We will know that we are successful when the attendees are engaged in the activities and excited about using Alexa. My partner and I have already presented this topic at ten different meetings/conferences, including an intro level presentation at the 2018 ISTE conference. Each time we have presented we have been met with excitement and requests to present at more district PD days.


5 min introduction & Icebreaker: As attendees enter the room we will have Alexa playing energetic music as we welcome and get to know our guests.

10 minutes frontloading basic Alexa skills & information: Rebecca will give background information on what Alexa is, how she operates and a demonstration of a variety of functions. The two of us will go back and forth when demonstrating and discussing applications in the classroom.

30 min of 15 new ways to use Alexa in your can use in your classroom today: Examples that fall along the SAMR and TPACK framework.

5 minutes of extras including resources on setting up Alexa devices in a classroom.

10 min wrap and questions: We will wrap up by giving the group time to collaborate and share ideas with the group. This will also be a time to ask and get questions answered. The session is fast-paced and fun.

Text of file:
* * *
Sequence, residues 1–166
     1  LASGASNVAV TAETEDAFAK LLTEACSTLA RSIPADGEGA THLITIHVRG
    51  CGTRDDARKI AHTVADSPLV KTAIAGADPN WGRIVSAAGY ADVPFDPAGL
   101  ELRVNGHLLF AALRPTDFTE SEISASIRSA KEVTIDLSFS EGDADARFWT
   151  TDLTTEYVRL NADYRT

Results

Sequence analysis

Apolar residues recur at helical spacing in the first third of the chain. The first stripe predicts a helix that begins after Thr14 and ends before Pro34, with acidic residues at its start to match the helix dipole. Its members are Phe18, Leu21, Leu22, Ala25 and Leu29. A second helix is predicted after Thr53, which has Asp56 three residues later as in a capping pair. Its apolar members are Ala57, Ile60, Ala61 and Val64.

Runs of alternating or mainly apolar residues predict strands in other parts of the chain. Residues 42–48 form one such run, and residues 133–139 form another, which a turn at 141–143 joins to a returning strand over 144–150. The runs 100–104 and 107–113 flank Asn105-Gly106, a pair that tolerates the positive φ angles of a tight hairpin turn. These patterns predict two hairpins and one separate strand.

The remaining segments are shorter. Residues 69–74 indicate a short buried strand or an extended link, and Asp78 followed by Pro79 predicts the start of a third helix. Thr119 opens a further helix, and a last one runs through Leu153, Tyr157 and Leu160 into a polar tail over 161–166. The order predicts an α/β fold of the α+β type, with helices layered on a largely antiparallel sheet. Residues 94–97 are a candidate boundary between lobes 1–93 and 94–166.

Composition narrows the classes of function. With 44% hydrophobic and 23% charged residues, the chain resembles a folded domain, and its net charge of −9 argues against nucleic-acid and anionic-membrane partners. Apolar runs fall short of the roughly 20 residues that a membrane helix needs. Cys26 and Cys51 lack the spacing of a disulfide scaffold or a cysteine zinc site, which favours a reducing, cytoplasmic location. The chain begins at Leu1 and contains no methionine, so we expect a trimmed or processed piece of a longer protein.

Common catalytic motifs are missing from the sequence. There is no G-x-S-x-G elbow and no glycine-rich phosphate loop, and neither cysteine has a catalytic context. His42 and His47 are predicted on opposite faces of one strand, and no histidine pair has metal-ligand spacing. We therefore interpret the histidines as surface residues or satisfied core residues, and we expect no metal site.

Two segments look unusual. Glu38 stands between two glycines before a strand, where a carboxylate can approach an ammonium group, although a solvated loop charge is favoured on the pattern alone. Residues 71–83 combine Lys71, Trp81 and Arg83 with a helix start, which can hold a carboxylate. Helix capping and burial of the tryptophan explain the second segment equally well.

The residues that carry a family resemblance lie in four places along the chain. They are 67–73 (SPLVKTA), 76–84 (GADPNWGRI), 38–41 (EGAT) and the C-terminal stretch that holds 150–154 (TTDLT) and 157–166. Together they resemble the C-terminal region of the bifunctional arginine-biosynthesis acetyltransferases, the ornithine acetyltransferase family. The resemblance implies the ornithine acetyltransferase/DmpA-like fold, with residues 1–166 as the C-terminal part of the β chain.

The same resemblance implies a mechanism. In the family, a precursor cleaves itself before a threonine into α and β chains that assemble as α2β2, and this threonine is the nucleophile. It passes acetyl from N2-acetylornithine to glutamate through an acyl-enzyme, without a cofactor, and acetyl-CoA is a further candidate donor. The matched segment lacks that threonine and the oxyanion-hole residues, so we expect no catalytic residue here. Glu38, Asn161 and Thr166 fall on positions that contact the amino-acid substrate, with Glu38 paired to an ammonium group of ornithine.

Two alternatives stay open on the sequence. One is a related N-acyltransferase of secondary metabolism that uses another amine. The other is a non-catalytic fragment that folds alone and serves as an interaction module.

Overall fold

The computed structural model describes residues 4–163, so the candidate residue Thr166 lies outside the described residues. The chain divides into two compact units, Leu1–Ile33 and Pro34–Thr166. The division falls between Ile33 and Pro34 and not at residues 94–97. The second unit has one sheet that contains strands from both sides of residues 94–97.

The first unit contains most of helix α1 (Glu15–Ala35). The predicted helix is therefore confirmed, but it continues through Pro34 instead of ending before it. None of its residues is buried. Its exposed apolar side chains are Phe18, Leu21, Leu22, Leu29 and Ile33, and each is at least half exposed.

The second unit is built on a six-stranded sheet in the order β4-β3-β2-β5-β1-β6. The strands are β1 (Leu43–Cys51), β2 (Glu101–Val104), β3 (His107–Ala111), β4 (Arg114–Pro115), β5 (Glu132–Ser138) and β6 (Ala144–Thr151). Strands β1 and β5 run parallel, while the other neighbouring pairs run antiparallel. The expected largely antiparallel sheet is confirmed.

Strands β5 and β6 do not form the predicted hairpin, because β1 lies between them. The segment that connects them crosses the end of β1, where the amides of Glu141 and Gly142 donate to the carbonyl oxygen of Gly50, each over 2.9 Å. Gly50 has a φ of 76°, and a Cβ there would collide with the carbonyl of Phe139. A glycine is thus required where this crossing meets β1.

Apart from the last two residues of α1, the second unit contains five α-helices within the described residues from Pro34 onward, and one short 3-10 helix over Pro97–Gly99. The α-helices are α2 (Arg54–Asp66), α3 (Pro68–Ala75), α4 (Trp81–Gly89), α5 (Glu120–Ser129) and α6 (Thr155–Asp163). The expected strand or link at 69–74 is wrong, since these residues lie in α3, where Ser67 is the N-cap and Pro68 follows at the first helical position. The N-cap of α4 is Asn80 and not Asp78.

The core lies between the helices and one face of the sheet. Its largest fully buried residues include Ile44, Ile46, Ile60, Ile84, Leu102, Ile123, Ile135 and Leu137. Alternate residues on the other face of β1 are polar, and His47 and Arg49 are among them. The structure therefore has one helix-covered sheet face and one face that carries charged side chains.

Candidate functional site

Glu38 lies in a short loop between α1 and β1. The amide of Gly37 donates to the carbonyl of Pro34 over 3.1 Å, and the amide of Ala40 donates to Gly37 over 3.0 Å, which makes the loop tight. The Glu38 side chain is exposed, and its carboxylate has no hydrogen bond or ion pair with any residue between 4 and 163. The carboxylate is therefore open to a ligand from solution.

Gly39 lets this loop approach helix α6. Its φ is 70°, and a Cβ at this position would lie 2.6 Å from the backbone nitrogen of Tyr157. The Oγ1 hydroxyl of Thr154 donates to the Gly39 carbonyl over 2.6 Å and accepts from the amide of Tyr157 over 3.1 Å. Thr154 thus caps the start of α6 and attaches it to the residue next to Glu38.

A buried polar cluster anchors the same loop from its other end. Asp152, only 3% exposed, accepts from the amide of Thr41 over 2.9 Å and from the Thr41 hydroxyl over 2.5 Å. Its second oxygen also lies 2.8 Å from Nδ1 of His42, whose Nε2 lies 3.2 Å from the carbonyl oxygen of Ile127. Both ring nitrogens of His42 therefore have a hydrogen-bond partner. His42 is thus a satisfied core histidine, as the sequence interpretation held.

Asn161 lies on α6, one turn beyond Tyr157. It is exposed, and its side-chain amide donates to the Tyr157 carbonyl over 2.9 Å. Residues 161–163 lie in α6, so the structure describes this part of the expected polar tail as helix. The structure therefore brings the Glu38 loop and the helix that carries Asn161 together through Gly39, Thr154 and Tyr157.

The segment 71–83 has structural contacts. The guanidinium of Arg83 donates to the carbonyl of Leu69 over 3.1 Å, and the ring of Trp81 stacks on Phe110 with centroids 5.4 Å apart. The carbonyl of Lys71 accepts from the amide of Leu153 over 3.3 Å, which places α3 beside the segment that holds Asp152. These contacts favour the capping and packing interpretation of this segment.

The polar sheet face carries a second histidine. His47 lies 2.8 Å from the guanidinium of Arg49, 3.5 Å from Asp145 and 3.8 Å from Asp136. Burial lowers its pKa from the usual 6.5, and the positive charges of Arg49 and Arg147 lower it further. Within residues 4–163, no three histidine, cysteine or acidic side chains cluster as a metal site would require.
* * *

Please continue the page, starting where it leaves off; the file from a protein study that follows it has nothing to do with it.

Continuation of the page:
Supporting research

Growth estimates suggest that by 2020, 75% of U.S. households will feature at least one smart speaker (Bryant, 2017) Using a voice-controlled intelligent personal assistant like Alexa in the classroom/education is still very new. Since my first presentation on using Alexa in the classroom, we have seen many start-up companies like Class Alexa, as well as, schools jumping on board. Schools in America and abroad are piloting the use of a voice assistant in their schools. I think this article from Edscoop
( has a good bit of information. For instance, Collin Miller, a technology administrator at Taos Academy Charter School in Taos, New Mexico says, “We’re preparing kids for the future, and we’re preparing them for their future careers.” If voice assistants are in our homes and work then we need to prepare our students for that. This article really hits on how Alexa or voice assistants are starting to be utilized in an educational setting.

Devices like an Amazon Echo offer many opportunities, but teachers need to be more trained and accepting of them in the classroom. As technology evolves, our students will benefit when educators are open to using new technology in the classroom.

Below are more articles that support the importance of this topic.

Straight from a teacher in Texas. This is a recent article where a teacher has integrated Alexa into an inclusion classroom.

I would like to also reference the 2017 National Education